Arabella Figg (Deborah Chan)

An avid, eclectic reader with an “inquiring mind,” I love ideas, debate, and language (my license plate frame reads “Synesthetes for Sesquipedals”). And I particularly enjoy looking into the psychological/emotional aspects of characterization. I’m a big Lost fan.

After reading the first three Harry Potter books in 1999 to see what the fuss was about, I was hooked. In 2002, I began reading and then participating at, where I’ve contributed guest posts; I also participate at John’s Twilight blog. At those blogs and here, I’m making inroads into the literary education I missed.

I was a professional graphic designer/artist/writer. In the last 20 years, I’ve been a community activist, serious Bible student, and worship planner/leader, and did Greek/English word transliterations for a friend teaching New Testament courses at a Kiev seminary. My husband Richard and I have lived in beautiful Spokane, WA, for 24 years. Our cat, Casey Rose, is my avatar.

I’ve been a lifelong writer (and then editor) of everything except fiction; for the last decade I’ve written commentary columns and features for our newspaper, The Spokesman-Review. In 2008 I copyedited John Granger’s book, The Deathly Hallows Lectures.

Butterbeers all around!

3 thoughts on “Arabella Figg (Deborah Chan)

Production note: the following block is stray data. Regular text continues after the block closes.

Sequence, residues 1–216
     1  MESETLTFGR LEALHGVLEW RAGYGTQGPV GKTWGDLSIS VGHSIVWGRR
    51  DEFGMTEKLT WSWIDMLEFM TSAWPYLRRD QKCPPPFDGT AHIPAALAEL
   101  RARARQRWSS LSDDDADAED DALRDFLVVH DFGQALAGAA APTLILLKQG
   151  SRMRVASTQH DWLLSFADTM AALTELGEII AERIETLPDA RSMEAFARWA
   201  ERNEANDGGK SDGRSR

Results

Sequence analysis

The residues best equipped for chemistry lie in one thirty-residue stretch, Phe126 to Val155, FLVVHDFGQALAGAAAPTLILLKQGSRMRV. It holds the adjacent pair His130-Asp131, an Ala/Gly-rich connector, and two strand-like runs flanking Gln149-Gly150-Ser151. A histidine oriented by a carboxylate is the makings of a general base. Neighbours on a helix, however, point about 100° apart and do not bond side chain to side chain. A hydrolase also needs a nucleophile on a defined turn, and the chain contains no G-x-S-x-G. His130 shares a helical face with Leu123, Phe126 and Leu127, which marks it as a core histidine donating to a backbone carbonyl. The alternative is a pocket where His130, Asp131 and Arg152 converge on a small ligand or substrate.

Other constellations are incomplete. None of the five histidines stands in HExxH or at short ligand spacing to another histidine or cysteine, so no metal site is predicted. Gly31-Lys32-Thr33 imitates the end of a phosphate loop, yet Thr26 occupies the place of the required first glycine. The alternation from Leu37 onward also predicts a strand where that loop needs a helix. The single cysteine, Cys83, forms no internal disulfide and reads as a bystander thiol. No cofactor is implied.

1. Dear writers:

    I just wanted to say that I find your blog very interesting as well as all the writers. As a Christian (Catholic) I never understood the denouncement of the Potter books by Christians. Many classics have mention of magic or super powers, why do you suppose they picked on Harry Potter?

    Kind regards, J R

  2. Hi Jennifer. Thank you very much, and I’m glad you’re enjoying this blog.

    Some of the classics do have Christian critics. But there are several reasons why Harry Potter was picked on, and here are three surface ones.

    The books were extremely popular, selling millions, giving them high visibility. Rowling used the terms “witch,” “wizard,” and “spell,” and the title of the American edition of the first book contained the word “sorcerer.” Christian believers who hadn’t read the books, or who misunderstood metaphor, mythic storytelling, and traditional Christian symbolism, jumped to the erroneous conclusion that the books endorsed witchcraft. These misconceptions quickly spread in an unprecedented way due to the rise of the Internet.

    For more in-depth answers to your question, though, I invite you to click Categories on the right hand side of the main page and read entries under Defense Against Harry Haters, and Magic in Literature.

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